Monday 17 June 2024

Review by Jonathan Wilkins of "Mother Night" by Serge ♆ Neptune


Beautifully written in a myriad of forms, structures and styles, Mother Night is a difficult and disturbing read. Having said that, it should be read as it opens up an underworld that we might have missed and experiences that demand questions from us without providing obvious answers.

It takes great courage to look so deeply into the past and this must have had a cathartic effect on Neptune as they examined the events that have had such a profound effect on them. The issues raised are at times hard to come to terms with but the quality of Neptune’s writing allows us some insight into their world, uncomfortable as it is. The descriptions of their early life are so skilfully narrated that they allow us to understand something of what the narrator experienced. This was an earlier life that was tainted by abuse and pain. 

That Neptune has grown from this only does them credit and the ability to put the experiences into words so skilfully is an art in itself. Quite disturbing in their intensity, the poems delve deep into the psyche of the writer and allow us as the reader to enter their world. The past is intensely interrogated and we are invited into a life deeply impacted by extreme events. But the beauty of Neptune's poetry is compelling. They use images and scenes that intrigue us and encourage us to enter their world.

The poetry almost acts to cleanse the past and to mediate a way forward, in a way that only this art form can achieve. The words bring clarity and make sense of the past as only poetry can do. As writers we know the sense of wellbeing that we can find by putting our thoughts and feelings onto paper and Neptune must truly have felt a release as they wrote this, trying to expunge the past, and to move forward, yet allowing us to share their memories with them.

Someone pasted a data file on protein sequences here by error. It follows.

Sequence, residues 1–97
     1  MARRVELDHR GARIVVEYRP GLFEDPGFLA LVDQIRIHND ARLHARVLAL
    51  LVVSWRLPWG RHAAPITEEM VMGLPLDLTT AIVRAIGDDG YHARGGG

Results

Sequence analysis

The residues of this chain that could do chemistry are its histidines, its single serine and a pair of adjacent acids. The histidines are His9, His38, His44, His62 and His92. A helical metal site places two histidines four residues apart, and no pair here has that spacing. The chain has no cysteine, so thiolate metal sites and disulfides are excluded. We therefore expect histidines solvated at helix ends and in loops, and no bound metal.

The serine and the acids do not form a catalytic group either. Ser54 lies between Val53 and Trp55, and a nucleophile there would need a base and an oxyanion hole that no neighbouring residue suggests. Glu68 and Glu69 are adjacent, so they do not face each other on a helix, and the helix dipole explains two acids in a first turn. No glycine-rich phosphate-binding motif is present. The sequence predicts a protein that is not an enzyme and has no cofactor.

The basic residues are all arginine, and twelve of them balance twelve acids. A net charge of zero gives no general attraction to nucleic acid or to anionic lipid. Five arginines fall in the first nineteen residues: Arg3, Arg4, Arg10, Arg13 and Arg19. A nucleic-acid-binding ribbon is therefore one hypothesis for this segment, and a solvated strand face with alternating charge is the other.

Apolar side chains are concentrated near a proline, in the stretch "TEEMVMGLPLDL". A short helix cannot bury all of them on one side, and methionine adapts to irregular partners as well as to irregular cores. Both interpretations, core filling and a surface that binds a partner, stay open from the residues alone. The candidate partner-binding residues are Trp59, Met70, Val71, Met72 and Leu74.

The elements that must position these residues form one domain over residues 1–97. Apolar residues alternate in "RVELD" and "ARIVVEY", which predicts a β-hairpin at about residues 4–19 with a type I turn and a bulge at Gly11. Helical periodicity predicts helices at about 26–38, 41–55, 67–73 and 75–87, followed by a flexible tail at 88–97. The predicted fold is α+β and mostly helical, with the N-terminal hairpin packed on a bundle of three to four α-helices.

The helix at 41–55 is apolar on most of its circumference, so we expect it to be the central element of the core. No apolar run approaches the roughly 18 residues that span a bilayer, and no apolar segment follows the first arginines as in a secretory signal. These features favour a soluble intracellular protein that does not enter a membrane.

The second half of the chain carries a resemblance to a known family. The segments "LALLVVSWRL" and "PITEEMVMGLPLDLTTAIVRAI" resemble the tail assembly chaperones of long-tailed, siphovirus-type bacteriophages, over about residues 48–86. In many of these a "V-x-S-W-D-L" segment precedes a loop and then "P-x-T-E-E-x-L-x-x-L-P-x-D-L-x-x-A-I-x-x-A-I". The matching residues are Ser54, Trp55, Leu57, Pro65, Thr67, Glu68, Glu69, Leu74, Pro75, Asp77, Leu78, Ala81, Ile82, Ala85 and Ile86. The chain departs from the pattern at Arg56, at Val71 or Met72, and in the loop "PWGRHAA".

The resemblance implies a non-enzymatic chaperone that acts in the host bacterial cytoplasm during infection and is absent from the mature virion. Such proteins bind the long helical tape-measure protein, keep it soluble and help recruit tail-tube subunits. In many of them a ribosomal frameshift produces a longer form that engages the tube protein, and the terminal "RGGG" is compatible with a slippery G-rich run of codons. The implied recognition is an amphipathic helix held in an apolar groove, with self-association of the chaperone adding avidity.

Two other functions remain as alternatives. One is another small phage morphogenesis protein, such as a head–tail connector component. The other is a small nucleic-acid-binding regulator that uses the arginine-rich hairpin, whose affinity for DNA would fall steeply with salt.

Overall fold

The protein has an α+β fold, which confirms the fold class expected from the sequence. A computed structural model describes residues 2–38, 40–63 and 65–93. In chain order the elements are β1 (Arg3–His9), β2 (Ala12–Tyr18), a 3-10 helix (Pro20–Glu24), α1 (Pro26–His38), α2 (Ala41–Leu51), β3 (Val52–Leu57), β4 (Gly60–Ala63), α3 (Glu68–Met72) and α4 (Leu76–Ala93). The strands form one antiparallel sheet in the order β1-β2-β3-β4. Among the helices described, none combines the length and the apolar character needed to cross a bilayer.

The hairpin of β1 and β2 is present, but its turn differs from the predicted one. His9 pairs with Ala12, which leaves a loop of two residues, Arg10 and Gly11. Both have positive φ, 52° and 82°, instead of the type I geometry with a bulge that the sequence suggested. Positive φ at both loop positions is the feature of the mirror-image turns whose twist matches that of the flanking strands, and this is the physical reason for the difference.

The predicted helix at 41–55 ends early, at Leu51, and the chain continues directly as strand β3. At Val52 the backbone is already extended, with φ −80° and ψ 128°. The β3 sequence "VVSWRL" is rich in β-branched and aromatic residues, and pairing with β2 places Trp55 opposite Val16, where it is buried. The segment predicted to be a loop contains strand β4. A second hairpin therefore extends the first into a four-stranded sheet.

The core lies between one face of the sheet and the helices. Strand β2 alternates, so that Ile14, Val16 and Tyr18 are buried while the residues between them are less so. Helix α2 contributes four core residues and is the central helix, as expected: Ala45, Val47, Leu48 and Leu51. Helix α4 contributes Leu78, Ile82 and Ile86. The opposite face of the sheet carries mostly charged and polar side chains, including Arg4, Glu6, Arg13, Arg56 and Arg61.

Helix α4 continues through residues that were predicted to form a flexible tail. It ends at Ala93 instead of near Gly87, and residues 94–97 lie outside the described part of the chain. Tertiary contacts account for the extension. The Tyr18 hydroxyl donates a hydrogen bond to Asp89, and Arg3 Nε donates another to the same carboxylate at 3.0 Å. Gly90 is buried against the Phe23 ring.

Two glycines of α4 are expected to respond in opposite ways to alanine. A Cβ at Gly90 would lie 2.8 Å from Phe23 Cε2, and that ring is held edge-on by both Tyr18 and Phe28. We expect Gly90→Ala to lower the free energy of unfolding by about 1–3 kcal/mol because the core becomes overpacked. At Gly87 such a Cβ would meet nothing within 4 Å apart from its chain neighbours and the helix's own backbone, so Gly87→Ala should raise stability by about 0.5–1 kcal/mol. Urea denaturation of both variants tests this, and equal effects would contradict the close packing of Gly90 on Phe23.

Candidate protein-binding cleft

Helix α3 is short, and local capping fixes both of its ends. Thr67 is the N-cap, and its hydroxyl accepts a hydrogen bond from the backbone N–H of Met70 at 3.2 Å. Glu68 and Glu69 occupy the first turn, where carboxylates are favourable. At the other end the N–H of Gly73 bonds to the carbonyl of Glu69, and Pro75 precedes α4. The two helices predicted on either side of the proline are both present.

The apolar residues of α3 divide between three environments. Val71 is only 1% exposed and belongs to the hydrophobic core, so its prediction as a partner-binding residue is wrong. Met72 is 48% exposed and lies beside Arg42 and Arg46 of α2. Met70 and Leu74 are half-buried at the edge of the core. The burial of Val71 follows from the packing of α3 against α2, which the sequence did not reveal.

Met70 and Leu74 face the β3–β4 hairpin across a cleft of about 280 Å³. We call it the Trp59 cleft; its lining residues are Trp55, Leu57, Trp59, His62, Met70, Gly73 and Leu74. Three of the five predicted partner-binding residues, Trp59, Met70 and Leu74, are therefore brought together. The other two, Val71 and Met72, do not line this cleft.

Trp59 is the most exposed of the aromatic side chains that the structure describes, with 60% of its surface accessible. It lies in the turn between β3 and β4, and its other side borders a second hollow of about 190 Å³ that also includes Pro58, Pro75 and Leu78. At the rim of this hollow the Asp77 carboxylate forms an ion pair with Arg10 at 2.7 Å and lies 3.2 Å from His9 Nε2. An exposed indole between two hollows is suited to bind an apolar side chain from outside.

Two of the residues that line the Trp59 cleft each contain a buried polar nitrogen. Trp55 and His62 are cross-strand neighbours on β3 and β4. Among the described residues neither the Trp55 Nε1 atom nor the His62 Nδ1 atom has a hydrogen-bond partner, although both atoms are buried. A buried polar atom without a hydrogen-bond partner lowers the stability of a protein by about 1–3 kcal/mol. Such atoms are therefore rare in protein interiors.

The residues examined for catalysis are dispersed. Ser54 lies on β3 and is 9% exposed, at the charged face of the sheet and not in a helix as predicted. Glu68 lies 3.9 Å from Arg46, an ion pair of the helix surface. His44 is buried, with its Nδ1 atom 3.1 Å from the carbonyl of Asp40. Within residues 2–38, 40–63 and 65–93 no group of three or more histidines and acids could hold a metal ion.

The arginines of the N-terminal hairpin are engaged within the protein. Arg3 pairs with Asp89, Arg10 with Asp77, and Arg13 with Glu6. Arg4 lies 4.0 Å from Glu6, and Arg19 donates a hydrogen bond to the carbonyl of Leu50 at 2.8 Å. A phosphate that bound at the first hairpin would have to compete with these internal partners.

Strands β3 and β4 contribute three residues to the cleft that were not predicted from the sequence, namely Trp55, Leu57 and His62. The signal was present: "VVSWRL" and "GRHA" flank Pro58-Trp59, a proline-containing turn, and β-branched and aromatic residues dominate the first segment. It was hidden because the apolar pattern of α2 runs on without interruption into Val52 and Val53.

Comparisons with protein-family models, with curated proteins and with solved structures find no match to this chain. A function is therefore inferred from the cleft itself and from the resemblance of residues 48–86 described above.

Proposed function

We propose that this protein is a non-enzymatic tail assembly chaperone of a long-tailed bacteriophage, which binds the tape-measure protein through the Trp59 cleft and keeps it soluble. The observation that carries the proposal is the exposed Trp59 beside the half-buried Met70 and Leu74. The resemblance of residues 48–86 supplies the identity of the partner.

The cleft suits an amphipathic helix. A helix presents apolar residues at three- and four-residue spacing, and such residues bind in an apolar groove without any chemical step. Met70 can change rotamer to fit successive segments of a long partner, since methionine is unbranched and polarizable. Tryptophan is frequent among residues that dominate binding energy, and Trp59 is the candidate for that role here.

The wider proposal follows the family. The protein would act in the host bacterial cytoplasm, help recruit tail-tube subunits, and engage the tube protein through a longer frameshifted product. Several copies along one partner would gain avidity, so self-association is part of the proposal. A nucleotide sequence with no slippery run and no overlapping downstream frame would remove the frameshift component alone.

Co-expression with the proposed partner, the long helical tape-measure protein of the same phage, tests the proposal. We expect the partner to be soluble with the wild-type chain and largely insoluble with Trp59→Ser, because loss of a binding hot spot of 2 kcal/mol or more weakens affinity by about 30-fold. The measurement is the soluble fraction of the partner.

Does the narrator want us to learn from their life tales? Is the book a warning to us or is it a celebration of the fact that they have overcome the trauma to lead their current life? Neptune’s work is outstanding, though upsetting and challenging. The world can be a problematic place and we can face challenging things. It is how we respond to this that makes us who we are. Neptune shows he has learnt from life and his experiences and been able to move forward. That is the very least we would wish for ourselves.

About the reviewer
Jonathan Wilkins is 68. He is married to the gorgeous Annie with two wonderful sons. He was a teacher for twenty years, a Waterstones’ bookseller and coached women’s basketball for over thirty years before taking up writing seriously. Nowadays he takes notes for students with Special Needs at Leicester and Warwick Universities. He has had a work commissioned by the UK Arts Council and several pieces published traditionally as well as on-line. He has had poems in magazines and anthologies, art galleries, studios, museums and at Huddersfield Railway Station. He loves writing poetry. For his MA, he wrote a crime novel, Utrecht Snow. He followed it up with Utrecht Rain, and is now writing a third part. He is currently writing a crime series, Poppy Knows Best, set at the end of the Great War and into the early 1920s.

You can read more about Mother Night by Serge ♆ Neptune on Creative Writing at Leicester here

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